HIPAA requires doctors to do their best to protect health information on patients.
To help prevent a problem with HIPAA it would be prudent to use a service provider is HIPAA complainant. One way to comply is to use a service that is approved of by the government and setup to follow the rules set by HIPAA. This includes encrypting e-mails and backing up any correspondence. The new regulations for HIPAA passed for 2010 essentially make most commonly used e-mail service providers unusable for health information. “The HIPAA Technical Safeguards cover the particular means by which to secure ePHI, with the most important requirement that email messages be encrypted and protected during the entire time they are transmitted across the Internet” (Lux ScientiaeÂ®, Incorporated, 2011). This service would also have to include a way to provide both log-in names and passwords for both the doctor and the patient to prevent the most common mistakes done by people in creating passwords. Most people will either use the same password for all files or some bit of information that can be obtained by using the Internet or a social media site such as Facebook. “Today, in the era of widespread Internet use, an attacker can easily find answers to many security questions” (Zhang, , & Dayarathn, p. 33 2010).
The potential benefits of e-mail and the commonality it has with the public has the public ready and willing to use e-mail to communicate with their doctors. The Internet is not a 100% secure environment. A doctor or patient can do everything to protect their information, but if a hacker wants it no one is safe. Even the Pentagon cannot protect themselves. Security will always be an issue, but it should not be a deterrent to the practicality that E-mail provides. Doctors and patients can do practice measures in protecting their information from passwords not commonly used to physicians using programs designed to protect information and is HIPAA compliant.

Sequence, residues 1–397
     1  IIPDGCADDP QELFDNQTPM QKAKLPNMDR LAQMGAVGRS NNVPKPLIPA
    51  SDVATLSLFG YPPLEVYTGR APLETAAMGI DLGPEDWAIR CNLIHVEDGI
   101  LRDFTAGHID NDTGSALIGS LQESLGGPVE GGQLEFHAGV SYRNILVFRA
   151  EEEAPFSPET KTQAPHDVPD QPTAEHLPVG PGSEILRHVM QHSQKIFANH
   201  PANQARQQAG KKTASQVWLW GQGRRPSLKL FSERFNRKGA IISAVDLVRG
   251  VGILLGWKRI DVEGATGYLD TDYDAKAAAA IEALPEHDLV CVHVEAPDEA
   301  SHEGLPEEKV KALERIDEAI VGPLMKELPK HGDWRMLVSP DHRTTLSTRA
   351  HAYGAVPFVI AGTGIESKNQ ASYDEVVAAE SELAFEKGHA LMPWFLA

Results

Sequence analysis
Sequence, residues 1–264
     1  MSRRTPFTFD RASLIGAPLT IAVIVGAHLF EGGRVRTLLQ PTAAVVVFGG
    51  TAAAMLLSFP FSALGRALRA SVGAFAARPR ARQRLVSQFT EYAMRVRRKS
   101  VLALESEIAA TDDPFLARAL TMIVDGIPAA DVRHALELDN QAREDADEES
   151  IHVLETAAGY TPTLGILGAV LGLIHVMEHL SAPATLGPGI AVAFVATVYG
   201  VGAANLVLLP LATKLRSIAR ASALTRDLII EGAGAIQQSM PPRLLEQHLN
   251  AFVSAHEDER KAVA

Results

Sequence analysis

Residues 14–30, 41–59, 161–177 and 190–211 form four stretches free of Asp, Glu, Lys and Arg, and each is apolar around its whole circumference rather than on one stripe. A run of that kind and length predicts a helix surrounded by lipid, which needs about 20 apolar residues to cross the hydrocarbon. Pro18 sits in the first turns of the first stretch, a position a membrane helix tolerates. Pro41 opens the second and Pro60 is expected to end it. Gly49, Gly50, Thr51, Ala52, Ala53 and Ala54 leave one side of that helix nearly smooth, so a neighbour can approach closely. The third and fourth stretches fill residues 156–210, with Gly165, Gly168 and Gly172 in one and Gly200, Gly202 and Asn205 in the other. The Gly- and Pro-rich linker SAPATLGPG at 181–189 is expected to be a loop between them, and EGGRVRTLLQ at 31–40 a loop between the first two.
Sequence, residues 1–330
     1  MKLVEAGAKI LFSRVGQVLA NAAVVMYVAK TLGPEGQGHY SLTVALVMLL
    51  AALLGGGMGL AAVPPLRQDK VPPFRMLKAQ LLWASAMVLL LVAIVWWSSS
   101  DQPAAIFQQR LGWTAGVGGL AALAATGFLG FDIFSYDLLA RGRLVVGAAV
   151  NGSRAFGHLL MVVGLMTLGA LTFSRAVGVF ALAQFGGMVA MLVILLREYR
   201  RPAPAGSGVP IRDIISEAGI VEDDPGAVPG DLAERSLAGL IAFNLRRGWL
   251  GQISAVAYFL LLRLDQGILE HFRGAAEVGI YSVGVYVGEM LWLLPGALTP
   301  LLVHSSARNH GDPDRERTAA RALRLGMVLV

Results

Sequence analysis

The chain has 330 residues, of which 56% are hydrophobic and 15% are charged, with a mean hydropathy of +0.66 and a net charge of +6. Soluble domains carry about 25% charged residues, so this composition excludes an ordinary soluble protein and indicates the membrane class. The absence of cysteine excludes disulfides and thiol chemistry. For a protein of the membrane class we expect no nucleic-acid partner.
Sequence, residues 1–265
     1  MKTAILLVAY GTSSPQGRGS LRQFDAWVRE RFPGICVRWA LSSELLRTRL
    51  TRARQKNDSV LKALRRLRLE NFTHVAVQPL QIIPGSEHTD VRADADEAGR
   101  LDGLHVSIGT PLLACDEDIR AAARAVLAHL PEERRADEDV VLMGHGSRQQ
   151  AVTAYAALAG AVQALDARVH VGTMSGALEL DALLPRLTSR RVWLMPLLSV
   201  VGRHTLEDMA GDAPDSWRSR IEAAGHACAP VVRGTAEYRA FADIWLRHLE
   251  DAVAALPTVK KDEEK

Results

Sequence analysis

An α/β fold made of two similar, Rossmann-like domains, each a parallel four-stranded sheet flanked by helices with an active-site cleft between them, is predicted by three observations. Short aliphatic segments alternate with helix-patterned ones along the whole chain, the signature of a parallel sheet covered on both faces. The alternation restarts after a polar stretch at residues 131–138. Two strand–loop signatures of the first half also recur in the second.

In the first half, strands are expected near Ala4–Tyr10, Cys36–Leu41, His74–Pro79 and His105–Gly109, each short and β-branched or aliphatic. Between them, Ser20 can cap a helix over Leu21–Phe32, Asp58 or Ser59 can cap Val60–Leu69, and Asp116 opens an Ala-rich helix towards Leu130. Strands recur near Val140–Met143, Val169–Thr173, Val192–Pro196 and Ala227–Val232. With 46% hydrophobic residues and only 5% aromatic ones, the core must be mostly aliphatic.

Associated Newspapers Ltd. (2010) Pentagon prepares for largest security breach in U.S
military history as WikiLeaks set to release 500,000 Iraq documents. Retrieved from http://www.dailymail.co.uk/news/article-1321398/WikiLeaks-release-500k-Iraq-documents-US-militarys-largest-security-breach.html
Ketteridge, G., Delbridge, H., & Delbridge, L. (2005, Aug). How effective is email
communication for patients requiring elective surgery?. ANZ Journal of Surgery, 75(8), 680-683. Retrieved from http://ehis.ebscohost.com/eds/pdfviewer/pdfviewer?sid=f340d750-1390-4176-bab6-8da7a89fd127%40sessionmgr14&vid=8&hid=2
Lux ScientiaeÂ®, Incorporated. (2011). HIPAA HITECH 2010: Email Hosting at LuxSci.
Retrieved from http://luxsci.com/extranet/pdf/LuxSci_HIPAA_HITECH_Overview.pdf
Wieczorek, S. (2010, July). FROM TELEGRAPH TO E-MAIL: PRESERVING THE
DOCTOR-PATIENT RELATIONSHIP IN A HIGH-TECH ENVIRONMENT.. ETC: A Review of General Semantics, 67(3), 311-327. Retrieved from http://ehis.ebscohost.com/eds/detail?vid=28&hid=124&sid=0f6834e2-e463-4425-b20b-01044e0b60c1%40sessionmgr4&bdata=JnNpdGU9ZWRzLWxpdmU%3d#db=f5h&AN=57264785
Zhang, F., & Dayarathn, R. (2010) Is Your Email Box Safe?. Journal of Information Privacy &
Security, 6(1), 28-52. Retrieved from http://ehis.ebscohost.com/eds/pdfviewer/pdfviewer?sid=0f6834e2-e463-4425-b20b-01044e0b60c1%40sessionmgr4&vid=16&hid=2